Just as I am unlikely to sort out all the influences on my chickens’ egg laying propensities, and I know I don’t have many answers to the multitude of manifestations of change in the environment; just as I know my scope of action in our tormented civil (uncivil) society is limited to what I can do in my immediate surroundings; so too I need to remind myself daily that my mind is not in charge of finding answers to my personal challenges. Those require detachment, patience, observation and tolerance of uncertainty.

The way forward for me personally, and for the larger society as well, will show itself in due time.

Who knows, maybe I’ll also be gifted with an insight that turns my poultry yard into the most prolific egg production unit in the region. Wouldn’t that be fun!

End of Apolitical – Pt.2

May 3, 2020

Further thoughts on how challenging it has become to be apolitical, and still express anything meaningful – the simple act of being consistent in what one states as true has become a political act. Saying one thing one day, denying that one said it the next, reversing yet again and asserting that one spoke the truth “based on facts known at the time” whether or not those were the known facts is a behavioral practice commonly seen now.

To me, it stands in stark contrast to the behavior exhibited, for example, by New Mexico’s governor Michelle Lujan-Grisham as she directs the response to Covid-19. She states “what we know now” and “what the projections and science indicate is most likely to happen going forward”, followed by her assessment of how to best mitigate both medical and economic harm in the best interests of the citizens of the state as a whole. If the situation changes, as it recently has done with a spike in infections in the corner of NM that overlaps the Navajo Nation, Ms. Lujan-Grisham factually states that changed conditions now dictate a different way forward.

Consistent, responsible, believable, reliable conduct. Much needed in uncertain times.

Would that more of us all could find within ourselves the fortitude to be consistent and factual – accepting that in so doing we are of necessity also being political.

The End of Apolitical

May 2, 2020

One aspect of Quaker belief has historically been an engagement in social action, whether in support of emancipation of slaves in the mid 1800’s, as pacifists opposed to war as a solution to political conflicts from the U.S Civil War through the World Wars, to Korea, Vietnam, and the “police actions” in multiple sites around the world, or more currently in testimony against the abuse of peaceful immigrants to the U.S. This activity is often expressed as “speaking Truth to power.”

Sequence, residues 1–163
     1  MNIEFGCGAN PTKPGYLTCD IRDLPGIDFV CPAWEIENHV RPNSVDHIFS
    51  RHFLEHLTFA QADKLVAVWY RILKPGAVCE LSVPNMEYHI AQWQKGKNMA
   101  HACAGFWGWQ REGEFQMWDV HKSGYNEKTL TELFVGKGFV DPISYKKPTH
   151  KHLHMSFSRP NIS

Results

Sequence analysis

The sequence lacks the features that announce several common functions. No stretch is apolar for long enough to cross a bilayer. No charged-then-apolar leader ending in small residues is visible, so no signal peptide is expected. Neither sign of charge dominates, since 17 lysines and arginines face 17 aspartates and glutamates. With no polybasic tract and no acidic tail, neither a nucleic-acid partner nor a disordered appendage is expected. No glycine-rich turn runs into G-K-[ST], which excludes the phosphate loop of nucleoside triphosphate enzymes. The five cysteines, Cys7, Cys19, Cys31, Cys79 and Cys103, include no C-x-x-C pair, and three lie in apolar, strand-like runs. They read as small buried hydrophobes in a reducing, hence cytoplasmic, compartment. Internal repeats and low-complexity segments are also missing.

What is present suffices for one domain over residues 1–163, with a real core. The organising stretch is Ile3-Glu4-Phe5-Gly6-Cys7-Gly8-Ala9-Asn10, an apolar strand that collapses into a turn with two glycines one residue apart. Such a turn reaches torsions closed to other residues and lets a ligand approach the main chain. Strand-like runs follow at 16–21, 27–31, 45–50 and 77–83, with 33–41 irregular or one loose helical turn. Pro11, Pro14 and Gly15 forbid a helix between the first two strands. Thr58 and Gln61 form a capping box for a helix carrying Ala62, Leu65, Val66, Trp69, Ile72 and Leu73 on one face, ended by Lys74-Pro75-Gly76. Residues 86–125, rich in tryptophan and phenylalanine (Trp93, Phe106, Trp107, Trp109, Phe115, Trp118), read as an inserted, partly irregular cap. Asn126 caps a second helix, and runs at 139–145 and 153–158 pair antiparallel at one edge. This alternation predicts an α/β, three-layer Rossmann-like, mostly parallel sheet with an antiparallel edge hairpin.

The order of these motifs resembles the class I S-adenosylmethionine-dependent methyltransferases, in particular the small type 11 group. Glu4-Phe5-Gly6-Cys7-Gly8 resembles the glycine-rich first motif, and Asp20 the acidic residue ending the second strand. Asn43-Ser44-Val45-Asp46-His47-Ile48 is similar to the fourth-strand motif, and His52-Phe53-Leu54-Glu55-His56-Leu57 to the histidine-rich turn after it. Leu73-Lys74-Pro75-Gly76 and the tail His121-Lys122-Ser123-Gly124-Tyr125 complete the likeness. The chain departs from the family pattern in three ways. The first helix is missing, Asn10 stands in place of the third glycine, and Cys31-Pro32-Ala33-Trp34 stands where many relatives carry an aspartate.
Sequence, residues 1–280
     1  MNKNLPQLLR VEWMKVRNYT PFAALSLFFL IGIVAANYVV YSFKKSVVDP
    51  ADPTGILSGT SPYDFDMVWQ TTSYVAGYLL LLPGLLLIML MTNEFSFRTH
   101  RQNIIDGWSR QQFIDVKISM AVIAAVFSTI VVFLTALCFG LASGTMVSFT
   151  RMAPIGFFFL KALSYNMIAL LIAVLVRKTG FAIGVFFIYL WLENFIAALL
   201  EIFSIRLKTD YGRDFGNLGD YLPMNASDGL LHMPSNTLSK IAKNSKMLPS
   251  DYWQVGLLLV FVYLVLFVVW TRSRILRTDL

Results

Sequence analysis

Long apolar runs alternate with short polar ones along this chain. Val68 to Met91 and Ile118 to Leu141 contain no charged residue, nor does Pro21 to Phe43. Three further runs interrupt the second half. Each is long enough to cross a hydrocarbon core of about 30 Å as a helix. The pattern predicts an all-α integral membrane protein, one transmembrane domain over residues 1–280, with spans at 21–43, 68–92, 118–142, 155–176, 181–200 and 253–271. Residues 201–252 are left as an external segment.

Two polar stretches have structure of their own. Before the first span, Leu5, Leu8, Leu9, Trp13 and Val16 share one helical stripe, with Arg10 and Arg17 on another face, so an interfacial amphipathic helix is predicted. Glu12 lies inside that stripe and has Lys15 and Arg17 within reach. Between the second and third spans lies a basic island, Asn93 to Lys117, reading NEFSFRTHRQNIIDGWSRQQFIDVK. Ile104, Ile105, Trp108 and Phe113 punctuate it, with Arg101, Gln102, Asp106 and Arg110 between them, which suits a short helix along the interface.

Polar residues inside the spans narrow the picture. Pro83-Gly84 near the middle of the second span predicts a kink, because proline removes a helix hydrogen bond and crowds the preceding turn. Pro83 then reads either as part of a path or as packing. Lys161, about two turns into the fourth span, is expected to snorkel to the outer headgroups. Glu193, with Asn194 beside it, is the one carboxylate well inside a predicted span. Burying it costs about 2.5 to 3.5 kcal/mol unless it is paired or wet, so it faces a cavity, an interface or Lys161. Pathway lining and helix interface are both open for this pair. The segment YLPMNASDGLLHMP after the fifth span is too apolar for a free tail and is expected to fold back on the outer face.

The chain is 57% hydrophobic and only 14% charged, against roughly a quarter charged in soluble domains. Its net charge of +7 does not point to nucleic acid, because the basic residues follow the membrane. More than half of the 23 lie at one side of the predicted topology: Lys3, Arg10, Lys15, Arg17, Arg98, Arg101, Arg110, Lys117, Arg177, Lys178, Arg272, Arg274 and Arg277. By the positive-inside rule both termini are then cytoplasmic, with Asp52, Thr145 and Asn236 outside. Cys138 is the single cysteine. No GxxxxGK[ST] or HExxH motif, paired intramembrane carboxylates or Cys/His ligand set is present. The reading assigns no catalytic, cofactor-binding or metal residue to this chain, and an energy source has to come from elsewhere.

I respect the decision of a local Jewish Community entity to “keep politics out of” the monthly newsletter which informs of social and cultural events and, most recently, of how to access worship and support online. Reading of that decision I did wonder, however, whether it can be meaningfully implemented?

Avoiding outright expression of political preferences is achievable. But has not the simple statement of proven facts, whether scientific or cultural, historical or ecological, now become a form of political expression?

I admire the small individually owned fueling station/store in Santa Rosa where I purchased diesel for the exceptional price of $2.14 per gallon, not so much for the price I paid but for the fact that the store had signs announcing – and implemented the precautions – of everyone who entered wearing a mask and no more than three customers inside at one time. I am stating simple facts but am I not also expressing a political position? If I drop the first two words (my opinion) and rearrange the sentence structure, have I eliminated politics from the statement?

 Probably. 

Have I communicated anything meaningful to my reader or listener?

Probably not. 

Oh, I’ve saved someone who doesn’t have a mask the waste of time involved in driving around Santa Rosa looking for that cheap-fuel gas station. Not a gesture very high on my scale of caring activities, though perhaps important to a now-out-of-work individual trying to save their limited cash by getting cheaper gas.

Driving around myself, with VoteSmart (Facts Matter) and Science Supporter bumper stickers, I am making simple statements of fact. In today’s toxic public sphere I am also unavoidably making a political statement.

The personal has become political. Not to my liking, not the world I wish to see re-emerge from the present upheaval. But most likely the world as it will continue to be, at least in the U.S. for some time yet.

Too bad.

So sad.

Would that it were not so.

So